Berachos tend to be grouped into different categories, as Berachos on pleasure (ברכות הנהנין), on Mitzvos (ברכות המצות), on events (ברכות ראיה ושמיעה), etc.

As far as I’m aware, the general halachos of these types of Berachos are the same across all categories; for instance, they all are said in response to certain triggers, whether that trigger is eating something, hearing some type of news, discharging an obligation, or something else.

Are there any halachos unique to one type of Beracha which don’t apply to the others?

  • 1
    Birkas Illanoys is said only on Nissan? Birkas Hagomel is said in Minyan? Some are said once in 30 days?
    – Al Berko
    May 30 '19 at 17:12
  • I don't think the Q reflects the title. And what Halochos you refer to?
    – Al Berko
    May 30 '19 at 17:14
  • @AlBerko Birchas Ilanos is a specific application of the general rule that Berachos are said in response to a prompt. Hagomel is indeed only said in a minyan, but that’s not a rule of general categories of Berachos; Hagomel would be a Birchas Hoda’ah, which generally do not have to be said in a minyan.
    – DonielF
    May 30 '19 at 17:14
  • If so the question is undecipherable for me.
    – Al Berko
    May 30 '19 at 17:15
  • 1
    @AlBerko Why don’t you think the Q reflects the title? I’m asking for a practical difference between Beracha categories - do any categories have unique halachos? I’m referring to, I dunno, any Halacha which applies to a category as a whole. When it’s said (if there’s a category which can be said whenever whyever), how it’s said, etc. If I knew what specific Halacha was different, I wouldn’t be asking this question.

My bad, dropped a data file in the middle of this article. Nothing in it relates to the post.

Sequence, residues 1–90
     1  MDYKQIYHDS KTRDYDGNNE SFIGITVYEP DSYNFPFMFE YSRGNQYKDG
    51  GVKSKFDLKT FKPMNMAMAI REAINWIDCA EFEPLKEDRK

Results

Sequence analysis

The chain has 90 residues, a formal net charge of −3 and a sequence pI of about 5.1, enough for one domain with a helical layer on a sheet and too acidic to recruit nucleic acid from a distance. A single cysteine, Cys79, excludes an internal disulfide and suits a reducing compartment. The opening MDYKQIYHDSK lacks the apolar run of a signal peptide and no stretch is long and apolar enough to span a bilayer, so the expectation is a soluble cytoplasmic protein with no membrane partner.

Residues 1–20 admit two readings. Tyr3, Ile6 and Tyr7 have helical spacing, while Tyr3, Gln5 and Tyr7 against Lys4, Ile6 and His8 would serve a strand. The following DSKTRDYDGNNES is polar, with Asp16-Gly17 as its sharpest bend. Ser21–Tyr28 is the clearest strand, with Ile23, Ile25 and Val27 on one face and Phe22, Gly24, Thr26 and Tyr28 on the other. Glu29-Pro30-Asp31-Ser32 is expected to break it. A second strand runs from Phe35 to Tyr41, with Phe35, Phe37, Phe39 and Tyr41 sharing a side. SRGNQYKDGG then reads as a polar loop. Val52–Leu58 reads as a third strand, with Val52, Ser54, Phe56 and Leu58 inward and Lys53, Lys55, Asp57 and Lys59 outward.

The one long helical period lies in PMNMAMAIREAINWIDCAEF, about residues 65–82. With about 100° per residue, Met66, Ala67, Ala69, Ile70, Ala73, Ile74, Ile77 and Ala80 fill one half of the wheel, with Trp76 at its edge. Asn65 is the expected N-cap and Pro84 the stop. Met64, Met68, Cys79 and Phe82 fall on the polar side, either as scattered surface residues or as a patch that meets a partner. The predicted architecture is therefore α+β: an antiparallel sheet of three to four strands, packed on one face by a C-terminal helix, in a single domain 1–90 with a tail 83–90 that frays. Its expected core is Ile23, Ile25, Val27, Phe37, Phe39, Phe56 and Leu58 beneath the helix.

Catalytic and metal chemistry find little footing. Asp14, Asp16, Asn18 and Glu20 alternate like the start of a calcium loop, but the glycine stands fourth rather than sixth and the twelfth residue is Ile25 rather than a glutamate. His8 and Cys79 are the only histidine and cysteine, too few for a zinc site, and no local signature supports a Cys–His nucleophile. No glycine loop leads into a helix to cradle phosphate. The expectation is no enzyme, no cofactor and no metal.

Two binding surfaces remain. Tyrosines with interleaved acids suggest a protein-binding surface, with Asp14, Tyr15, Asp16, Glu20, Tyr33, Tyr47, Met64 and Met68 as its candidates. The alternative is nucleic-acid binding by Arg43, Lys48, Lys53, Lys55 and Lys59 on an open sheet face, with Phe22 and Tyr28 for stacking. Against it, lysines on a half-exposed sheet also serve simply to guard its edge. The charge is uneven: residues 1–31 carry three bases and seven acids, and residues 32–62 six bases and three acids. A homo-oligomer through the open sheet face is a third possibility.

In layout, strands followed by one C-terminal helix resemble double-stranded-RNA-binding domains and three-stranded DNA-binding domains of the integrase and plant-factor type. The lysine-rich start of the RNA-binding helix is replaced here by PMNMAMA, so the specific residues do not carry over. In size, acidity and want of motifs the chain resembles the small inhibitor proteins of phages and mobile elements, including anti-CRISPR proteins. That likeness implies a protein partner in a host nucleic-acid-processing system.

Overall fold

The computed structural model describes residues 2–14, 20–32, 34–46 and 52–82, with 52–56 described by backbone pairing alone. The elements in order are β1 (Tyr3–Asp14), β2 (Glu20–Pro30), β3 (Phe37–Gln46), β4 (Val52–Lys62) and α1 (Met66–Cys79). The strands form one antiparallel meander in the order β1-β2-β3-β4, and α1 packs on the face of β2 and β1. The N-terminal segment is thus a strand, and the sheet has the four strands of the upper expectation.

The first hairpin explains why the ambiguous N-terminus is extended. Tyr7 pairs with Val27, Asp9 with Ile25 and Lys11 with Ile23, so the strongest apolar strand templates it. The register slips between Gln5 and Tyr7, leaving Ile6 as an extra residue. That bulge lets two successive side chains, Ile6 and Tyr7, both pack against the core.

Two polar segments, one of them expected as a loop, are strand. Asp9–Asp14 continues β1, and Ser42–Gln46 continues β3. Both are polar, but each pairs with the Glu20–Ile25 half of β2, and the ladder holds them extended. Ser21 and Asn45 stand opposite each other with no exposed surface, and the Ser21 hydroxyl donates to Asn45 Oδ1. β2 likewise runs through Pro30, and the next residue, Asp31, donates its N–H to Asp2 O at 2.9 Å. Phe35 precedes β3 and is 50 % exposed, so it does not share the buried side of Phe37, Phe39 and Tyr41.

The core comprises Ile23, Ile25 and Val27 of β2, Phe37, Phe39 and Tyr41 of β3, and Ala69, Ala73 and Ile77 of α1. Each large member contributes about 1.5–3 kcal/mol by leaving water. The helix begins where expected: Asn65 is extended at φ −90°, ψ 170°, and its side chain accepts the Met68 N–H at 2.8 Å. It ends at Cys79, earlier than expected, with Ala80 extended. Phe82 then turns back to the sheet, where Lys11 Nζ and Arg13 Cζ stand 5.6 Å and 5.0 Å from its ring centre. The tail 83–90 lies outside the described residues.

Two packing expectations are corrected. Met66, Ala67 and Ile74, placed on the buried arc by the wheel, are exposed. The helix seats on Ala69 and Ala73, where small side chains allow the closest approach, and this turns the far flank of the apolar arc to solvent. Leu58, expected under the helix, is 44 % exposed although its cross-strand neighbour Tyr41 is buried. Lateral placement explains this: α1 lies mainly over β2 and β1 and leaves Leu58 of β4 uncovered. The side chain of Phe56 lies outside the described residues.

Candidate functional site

– DonielF
    May 30 '19 at 17:16
  • The law that כל הברכות מברכין עובר לעשייתן - that one must bless before performing a mitzva - does not apply by Birchas Hareach uReiyah (and according to most opinions is unique to Birchas HaMitzvos; the reason Birchas Hanehenin must precede the consumption is because אסור להנות מעולם הזה בלא ברכה).

  • According to some opinions, one must stand for Birchas HaMitzvos (see ארחות חיים (הל' ציצית סי' כז - כח), Rosh (Pesachim, Ch. 10 §41), Magen Avraham §8.2); we do not see this law by other Brachos.

  • According to some Rishonim (although we may not pasken like that), the rule of ספק ברכות להקל (to avoid making brachos when in doubt) applies only to Birchas HaMitzvos, not other brachos (See Tosfos Brachos 12a, with Gilyon Hashas of R' Akiva Eiger).

  • The law of arvus (אף על פי שיצא, מוציא) is primarily by Birchas Hamitzvos, not by the other categories of Brochos.

  • Notably, pretty much all these rules have exceptions. Categories are only as useful as their exceptions after all.
    – Double AA
    May 30 '19 at 18:03
  • See judaism.stackexchange.com/questions/15018/… - Birchas Hanehenin may be a mattir; Birchas Hamitzvos are not. There are numerous ramifications.
    – chortkov2
    May 30 '19 at 18:09

One difference is that berachas on events are said after the fact (We say the beracha on thunder after we hear the thunder, on lightning after the lightning, Hagomel after being saved, etc).

Berachas on mitzvos are almost always said before the fact-מברכים עובר לעשייתן (b’racha on hallel, Lulav, shofar, Megillah, etc).

And berachas on pleasure are said before and after the fact (b’racha rishonah, b’racha achrona etc).


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